How to Restart Your Router and Modem

Don’t underestimate this simple and effective troubleshooting hack to fix internet connectivity issues.

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Last Updated: May 13, 2024
Graphic of a router and modem connected to wall outlets and a timer that displays 30-60 seconds.
Going without internet sounds like a nightmare, but restarting your router and modem only takes a minute.

Restarting your router and modem can be a quick and effective solution to internet connectivity issues such as slow speeds, intermittent drops, or outages. Our step-by-step guide for restarting these devices can help you promptly restore your internet connection for optimal performance. Follow the tips below to ensure a seamless online experience.

Why Should I Restart my Router and Modem?

Restarting your router and modem can often be a quick fix for internet connectivity issues caused by temporary glitches or configuration errors. Here are a few scenarios where this simple troubleshooting step can prove effective:

  • Network congestion: During peak usage hours, network congestion may lead to slow or intermittent connectivity problems. Restarting the router and modem can refresh the connection, potentially providing a cleaner path to the internet.
  • IP address conflicts: Sometimes, multiple devices on the network may end up with conflicting IP addresses, causing communication conflicts and resulting in connectivity issues. A restart can help reassign IP addresses properly to resolve conflicts and restore connectivity.
  • Firmware bugs or glitches: Firmware bugs or glitches within the router or modem can cause instability in the network connection. Rebooting the devices can help clear out temporary memory and reload the firmware, potentially fixing any underlying software issues. A firmware update can enhance security as well.
  • DNS issues: Domain Name System (DNS) servers translate domain names into IP addresses. If there are issues with DNS settings or the assigned DNS servers are unresponsive, restarting the router and modem can prompt the devices to fetch new DNS information to resolve DNS-related connectivity problems.
  • ISP side problems: Sometimes, the issue might not be with your devices but with the Internet Service Provider (ISP). Restarting the router and modem can initiate a fresh connection attempt with the ISP’s servers to resolve any communication issues between your home network and the ISP’s infrastructure.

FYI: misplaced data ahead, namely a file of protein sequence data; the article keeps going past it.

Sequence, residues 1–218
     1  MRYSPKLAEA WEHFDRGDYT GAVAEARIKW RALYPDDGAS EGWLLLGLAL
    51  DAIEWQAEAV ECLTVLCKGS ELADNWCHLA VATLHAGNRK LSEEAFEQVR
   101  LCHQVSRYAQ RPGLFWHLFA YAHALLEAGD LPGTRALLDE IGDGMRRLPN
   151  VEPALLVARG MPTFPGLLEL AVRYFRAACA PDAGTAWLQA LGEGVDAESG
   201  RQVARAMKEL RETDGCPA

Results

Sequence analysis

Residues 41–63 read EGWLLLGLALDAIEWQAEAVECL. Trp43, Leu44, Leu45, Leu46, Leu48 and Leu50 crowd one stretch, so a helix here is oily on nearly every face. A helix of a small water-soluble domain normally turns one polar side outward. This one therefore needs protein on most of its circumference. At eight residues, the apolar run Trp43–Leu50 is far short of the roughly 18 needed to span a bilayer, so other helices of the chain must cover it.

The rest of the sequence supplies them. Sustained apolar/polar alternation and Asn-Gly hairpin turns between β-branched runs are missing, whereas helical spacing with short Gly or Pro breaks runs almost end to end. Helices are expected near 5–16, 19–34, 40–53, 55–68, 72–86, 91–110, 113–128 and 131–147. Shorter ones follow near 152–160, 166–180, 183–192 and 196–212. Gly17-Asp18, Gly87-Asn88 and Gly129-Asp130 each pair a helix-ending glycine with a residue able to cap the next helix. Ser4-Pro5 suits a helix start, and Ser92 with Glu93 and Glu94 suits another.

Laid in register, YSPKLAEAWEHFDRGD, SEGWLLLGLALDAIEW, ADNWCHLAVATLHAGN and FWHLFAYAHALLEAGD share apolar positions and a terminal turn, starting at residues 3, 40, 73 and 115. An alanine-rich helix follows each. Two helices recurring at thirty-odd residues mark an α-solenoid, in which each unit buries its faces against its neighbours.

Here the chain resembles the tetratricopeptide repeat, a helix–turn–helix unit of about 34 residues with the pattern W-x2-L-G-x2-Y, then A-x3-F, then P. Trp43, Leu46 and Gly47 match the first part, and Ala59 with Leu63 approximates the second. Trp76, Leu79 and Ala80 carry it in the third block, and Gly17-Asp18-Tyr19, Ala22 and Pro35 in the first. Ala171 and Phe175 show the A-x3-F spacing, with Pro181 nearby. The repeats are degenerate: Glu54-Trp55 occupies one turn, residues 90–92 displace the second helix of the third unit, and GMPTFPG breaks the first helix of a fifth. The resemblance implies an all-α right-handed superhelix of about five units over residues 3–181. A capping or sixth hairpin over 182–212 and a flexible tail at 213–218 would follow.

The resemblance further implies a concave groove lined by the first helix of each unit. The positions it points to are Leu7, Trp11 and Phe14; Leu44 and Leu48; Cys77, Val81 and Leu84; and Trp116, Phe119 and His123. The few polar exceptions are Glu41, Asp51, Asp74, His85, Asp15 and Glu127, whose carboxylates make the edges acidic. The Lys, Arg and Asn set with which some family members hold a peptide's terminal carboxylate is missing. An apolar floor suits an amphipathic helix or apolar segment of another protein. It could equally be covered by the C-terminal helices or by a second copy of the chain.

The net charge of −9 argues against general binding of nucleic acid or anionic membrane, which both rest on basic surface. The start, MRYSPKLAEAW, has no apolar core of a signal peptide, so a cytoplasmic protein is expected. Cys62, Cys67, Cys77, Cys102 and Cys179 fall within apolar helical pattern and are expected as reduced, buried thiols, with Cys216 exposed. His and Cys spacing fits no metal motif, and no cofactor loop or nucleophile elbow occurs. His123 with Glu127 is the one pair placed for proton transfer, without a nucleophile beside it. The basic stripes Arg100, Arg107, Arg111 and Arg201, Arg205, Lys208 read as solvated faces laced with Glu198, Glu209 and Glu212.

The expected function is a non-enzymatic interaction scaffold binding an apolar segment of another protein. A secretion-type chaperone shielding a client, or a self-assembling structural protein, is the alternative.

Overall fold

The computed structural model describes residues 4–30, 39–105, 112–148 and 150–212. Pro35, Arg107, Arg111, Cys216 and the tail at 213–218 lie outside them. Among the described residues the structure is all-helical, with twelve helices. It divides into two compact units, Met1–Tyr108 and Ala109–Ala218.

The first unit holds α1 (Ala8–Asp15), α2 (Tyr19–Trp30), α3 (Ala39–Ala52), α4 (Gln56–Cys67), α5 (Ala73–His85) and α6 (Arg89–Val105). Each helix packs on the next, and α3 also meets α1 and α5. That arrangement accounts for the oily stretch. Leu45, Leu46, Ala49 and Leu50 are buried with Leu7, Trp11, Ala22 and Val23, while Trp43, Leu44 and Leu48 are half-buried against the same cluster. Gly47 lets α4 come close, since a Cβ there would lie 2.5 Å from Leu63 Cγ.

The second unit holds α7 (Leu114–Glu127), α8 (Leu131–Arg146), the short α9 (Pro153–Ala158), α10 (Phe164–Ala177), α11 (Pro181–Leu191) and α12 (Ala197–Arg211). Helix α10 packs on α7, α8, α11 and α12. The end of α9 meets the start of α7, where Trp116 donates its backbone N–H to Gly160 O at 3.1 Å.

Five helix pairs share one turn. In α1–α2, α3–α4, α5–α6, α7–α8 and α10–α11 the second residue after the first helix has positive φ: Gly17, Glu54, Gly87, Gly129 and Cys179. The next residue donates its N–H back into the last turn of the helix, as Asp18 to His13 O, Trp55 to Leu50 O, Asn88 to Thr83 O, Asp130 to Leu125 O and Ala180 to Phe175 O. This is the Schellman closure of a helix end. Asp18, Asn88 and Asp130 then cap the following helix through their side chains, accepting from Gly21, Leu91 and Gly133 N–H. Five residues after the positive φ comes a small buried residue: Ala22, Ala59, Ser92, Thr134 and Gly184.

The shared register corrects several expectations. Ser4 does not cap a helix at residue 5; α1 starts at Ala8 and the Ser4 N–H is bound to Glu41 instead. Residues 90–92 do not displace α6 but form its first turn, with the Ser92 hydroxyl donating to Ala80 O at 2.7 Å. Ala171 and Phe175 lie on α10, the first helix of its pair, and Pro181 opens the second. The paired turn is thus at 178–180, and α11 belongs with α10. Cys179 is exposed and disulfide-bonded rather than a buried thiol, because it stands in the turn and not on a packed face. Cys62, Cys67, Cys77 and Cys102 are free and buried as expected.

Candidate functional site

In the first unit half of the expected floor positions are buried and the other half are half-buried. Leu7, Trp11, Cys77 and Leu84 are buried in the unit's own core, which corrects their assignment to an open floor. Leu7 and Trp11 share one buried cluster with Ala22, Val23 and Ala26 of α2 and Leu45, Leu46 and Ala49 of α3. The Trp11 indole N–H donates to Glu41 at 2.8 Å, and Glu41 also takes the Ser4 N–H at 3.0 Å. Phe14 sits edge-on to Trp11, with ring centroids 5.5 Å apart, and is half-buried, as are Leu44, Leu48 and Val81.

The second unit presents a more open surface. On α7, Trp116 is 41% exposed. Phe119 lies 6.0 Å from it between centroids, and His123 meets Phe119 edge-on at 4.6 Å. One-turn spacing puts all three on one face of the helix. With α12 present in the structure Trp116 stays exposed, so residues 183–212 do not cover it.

• Clear router memory: Your router’s memory, or cache, builds up over time, especially when multiple devices are connected to a single Wi-Fi network, including smartphones, laptops, and smart devices. This cache can become overloaded due to the increasing demand on the network’s resources, leading to memory saturation or performance slowdowns. A simple reboot effectively resets the memory storage to alleviate congestion and restore optimal internet connectivity.
  • Prevent overheating: Wi-Fi routers and modems generate heat that requires proper ventilation. Inadequate airflow can lead to overheating, potentially impairing the device’s functionality. Rebooting interrupts electrical currents, aiding in its cooling process.

How to Restart Your Router and Modem

An image of a Spectrum modem and Spectrum router showing the location of the reset buttons.
My Spectrum modem and router each feature a reset button on the devices, one labeled and the other not. Avoid pressing these buttons, as this will reset rather than restart your device.

Follow the steps below for rebooting both your modem and router. Restarting both at the same time as opposed to only rebooting one or the other can be an effective way to troubleshoot internet connectivity issues.

Unplug Your Modem and Router

A Spectrum modem and Eero router connected by an ethernet cable.
If your modem and router are connected by Ethernet, you can keep them connected during a restart.

Unplug your modem and router from the electrical outlet. Wait 30 to 60 seconds to allow your devices to go offline. Most network setups have a modem and router connected by Ethernet. You can keep these connected while rebooting.

Plug in the Modem

A Spectrum modem with both the Power and Online signal lights blue, showing operation.
When your modem is back online, the lights on the device will signal its operation.

Plug in your modem and allow it to power up. If it doesn’t power up on its own, you can press the power button, if it has one. Wait about 60 seconds for all lights to come on to signal the modem is up and running. There are usually between two and four lights on a modem, but this will vary based on your device. My Spectrum modem has two lights: one for power and one showing the device is online.

Plug in the Router

An Eero router with a solid white light to signify the internet is connected.
When your router is connected and online, it will generally maintain a solid light.

Plug in your router. If your Wi-Fi router has a power button, press it to power on the device. Wait at least two minutes for the router to boot up. Similar to your modem, your router will have a light signaling the device is properly connected. Usually, there is only one light, and when it is connected it will remain solid.

Test Your Connection